Creating a free account will enable you to subscribe to our daily and weekly email newsletters, as well as customize your reading experience to show only the categories most relevant to you.
Signing up only take a few minutes, so why not give it a try and see what you've been missing out on.
Television is a powerful agent of development for children, particularly those in preschool. But when could too much TV be detrimental to a young child's mind? A recent paper published in the Journal of Communication found that preschoolers who have a TV in their bedroom and are exposed to more background TV have a weaker understanding of other people's beliefs and desires.
Amy Nathanson, Molly Sharp, Fashina Aladé, Eric Rasmussen, and Katheryn Christy, all of The Ohio State University, interviewed and tested 107 children and their parents to determine the relationship between preschoolers' television exposure and their understanding of mental states, such as beliefs, intentions, and feelings, known as theory of mind. Parents were asked to report how many hours of TV their children were exposed to, including background TV. The children were then given tasks based on theory of mind. These tasks assessed whether the children could acknowledge that others can have different beliefs and desires, that beliefs can be wrong, and that behaviors stem from beliefs.
The researchers found that having a bedroom TV and being exposed to more background TV was related to a weaker understanding of mental states, even after accounting for differences in performance based on age and the socioeconomic status of the parent. However, preschoolers whose parents talked with them about TV performed better on theory of mind assessments.
Many studies have investigated the effects of children's TV exposure on social behaviors, without examining if TV exposure affects the neuropsychological function that underlies social behavior, and without taking theory of mind into consideration. This study shows that TV exposure may impair children's theory of mind development, and this impairment may be partly responsible for disruptive social behaviors.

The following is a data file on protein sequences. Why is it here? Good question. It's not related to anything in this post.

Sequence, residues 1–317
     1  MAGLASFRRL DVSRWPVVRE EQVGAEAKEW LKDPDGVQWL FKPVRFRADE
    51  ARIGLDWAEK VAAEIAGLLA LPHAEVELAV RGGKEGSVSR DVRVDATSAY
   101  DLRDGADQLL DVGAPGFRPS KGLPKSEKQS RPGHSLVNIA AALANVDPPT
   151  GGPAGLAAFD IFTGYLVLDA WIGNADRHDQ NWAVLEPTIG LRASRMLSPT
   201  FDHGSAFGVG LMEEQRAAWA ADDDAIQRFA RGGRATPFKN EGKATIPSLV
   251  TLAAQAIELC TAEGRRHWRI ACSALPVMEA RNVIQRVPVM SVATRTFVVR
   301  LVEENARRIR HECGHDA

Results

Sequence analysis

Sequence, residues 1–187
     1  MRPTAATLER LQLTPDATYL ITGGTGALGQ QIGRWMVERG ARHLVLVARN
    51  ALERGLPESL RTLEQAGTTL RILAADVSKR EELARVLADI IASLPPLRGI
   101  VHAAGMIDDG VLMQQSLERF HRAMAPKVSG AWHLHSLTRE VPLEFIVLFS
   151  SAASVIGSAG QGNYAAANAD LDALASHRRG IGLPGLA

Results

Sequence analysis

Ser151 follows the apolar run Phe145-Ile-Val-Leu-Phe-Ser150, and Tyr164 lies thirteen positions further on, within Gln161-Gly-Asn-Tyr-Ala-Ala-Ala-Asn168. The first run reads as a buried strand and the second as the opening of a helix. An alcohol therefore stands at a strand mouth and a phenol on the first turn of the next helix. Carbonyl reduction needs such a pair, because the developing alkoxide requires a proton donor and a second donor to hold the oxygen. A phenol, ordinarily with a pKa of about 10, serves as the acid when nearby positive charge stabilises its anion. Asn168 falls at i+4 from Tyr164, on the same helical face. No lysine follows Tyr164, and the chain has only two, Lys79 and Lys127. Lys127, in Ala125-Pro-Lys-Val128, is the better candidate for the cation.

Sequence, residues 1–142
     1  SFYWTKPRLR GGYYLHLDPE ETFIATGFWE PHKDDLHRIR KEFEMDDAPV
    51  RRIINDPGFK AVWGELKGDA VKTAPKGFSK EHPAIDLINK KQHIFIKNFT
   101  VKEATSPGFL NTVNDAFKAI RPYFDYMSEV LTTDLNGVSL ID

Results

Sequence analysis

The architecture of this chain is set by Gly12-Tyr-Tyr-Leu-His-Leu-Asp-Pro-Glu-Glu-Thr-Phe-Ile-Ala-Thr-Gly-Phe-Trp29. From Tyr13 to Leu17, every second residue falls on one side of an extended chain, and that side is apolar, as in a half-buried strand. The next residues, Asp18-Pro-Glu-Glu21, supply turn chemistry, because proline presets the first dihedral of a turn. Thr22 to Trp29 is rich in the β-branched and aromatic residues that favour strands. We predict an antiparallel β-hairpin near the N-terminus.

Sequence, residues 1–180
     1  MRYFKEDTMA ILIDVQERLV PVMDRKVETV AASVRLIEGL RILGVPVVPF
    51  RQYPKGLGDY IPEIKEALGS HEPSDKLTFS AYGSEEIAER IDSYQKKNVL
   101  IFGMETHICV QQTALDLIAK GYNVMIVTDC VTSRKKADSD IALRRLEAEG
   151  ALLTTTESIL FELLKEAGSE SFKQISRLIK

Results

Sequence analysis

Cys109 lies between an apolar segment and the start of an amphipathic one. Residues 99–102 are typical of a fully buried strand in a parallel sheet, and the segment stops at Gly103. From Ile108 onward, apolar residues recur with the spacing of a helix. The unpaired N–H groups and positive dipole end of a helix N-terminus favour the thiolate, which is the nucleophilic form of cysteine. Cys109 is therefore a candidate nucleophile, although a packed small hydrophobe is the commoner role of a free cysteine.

"When children achieve a theory of mind, they have reached a very important milestone in their social and cognitive development," said lead researcher Nathanson. "Children with more developed theories of mind are better able to participate in social relationships. These children can engage in more sensitive, cooperative interactions with other children and are less likely to resort to aggression as a means of achieving goals."
"The Relation Between Television Exposure and Theory of Mind Among Preschoolers," by Amy I. Nathanson, Molly L. Sharp, Fashina Aladé, Eric E. Rasmussen, Katheryn Christy. Journal of Communication.
Article adapted by Medical News Today from original press release. Click 'references' tab above for source.
Visit our Psychology / Psychiatry category page for the latest news on this subject.
Please use one of the following formats to cite this article in your essay, paper or report:
Association, International Communication. "TV exposure in early childhood can stall cognitive development." Medical News Today. MediLexicon, Intl., 26 Nov. 2013. Web.
12 Mar. 2014. <http://www.medicalnewstoday.com/releases/269273>
Association, I. (2013, November 26). "TV exposure in early childhood can stall cognitive development." Medical News Today. Retrieved from
Please note: If no author information is provided, the source is cited instead.
If you write about specific medications, operations, or procedures please do not name healthcare professionals by name.
For any corrections of factual information, or to contact our editorial team, please use our feedback form. Please send any medical news or health news press releases to:
Note: Any medical information published on this website is not intended as a substitute for informed medical advice and you should not take any action before consulting with a health care professional. For more information, please read our terms and conditions.
This page was printed from: http://www.medicalnewstoday.com/releases/269273.php
Visit www.medicalnewstoday.com for medical news and health news headlines posted throughout the day, every day.
© 2004-2014 All rights reserved. MNT (logo) is the registered trade mark of MediLexicon International Limited.